The same situation is seen at the Torrington Bus Stand . Some private bus operators used to park their buses near the Bogambara prison (behind Central Market) and pick up passengers. This place is normally used for the purpose of dropping off passengers coming from different parts of Kandy district and other areas.

There was an overhead bridge near the Police station which was built by President Ranasinghe Premadasa which was demolished. If it had been there, it would have been a great relief for the Police Traffic division and for the people.

It is very difficult to traverse the Lake Round which is unfortunately the only available road to access Digana, Haragama, Mahiyangana, Badulla, Ampara, Ampitiya, Thalathuoya, Marassana, and number of other destinations. There are several schools situated in the  Lake Round and during morning and evening hours it takes hours to pass this two kilometre stretch. If the Dalada Maligawa passage was opened for light vehicles that would be some relief and would also save fuel.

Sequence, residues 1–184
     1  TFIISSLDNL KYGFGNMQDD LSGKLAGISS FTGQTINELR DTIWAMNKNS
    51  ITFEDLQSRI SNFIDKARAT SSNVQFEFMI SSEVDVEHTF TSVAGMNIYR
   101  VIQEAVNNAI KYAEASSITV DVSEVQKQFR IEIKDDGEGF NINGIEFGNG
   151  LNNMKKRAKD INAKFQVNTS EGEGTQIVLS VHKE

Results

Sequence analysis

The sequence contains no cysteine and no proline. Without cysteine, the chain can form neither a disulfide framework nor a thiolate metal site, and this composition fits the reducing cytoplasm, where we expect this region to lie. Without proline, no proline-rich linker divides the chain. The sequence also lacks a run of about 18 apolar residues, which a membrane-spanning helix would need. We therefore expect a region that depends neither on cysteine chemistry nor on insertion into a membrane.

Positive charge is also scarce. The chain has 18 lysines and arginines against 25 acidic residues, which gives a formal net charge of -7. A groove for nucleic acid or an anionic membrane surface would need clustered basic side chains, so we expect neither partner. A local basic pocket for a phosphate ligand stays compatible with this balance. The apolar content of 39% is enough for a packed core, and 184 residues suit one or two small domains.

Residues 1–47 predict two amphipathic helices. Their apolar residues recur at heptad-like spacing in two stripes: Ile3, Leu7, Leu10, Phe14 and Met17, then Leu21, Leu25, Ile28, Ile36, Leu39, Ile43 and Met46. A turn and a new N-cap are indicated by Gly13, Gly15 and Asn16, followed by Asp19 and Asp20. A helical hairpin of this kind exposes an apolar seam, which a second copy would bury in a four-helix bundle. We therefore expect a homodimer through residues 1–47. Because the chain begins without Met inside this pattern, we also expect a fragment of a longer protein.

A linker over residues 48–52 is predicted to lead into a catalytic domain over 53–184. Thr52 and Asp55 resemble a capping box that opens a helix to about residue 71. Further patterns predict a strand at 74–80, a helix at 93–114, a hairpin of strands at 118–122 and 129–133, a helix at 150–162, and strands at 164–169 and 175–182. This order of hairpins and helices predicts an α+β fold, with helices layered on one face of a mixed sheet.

However, we can see there is some development work going on and we trust that the authorities will look into these matters immediately and give some relief for schoolchildren, workers and other people living in Kandy City and suburbs.

Wedage, Kandy

A dedicated staff, the key to NIMH being a haven

I happened to read an article by Dr. Prabath Wickrama, Consultant Psychiatrist (Trincomalee) in the Sunday Times of April 21 and wish to express my views as a social worker who has been associated with the National Institute of Mental Health (NIMH) for a considerable period of time.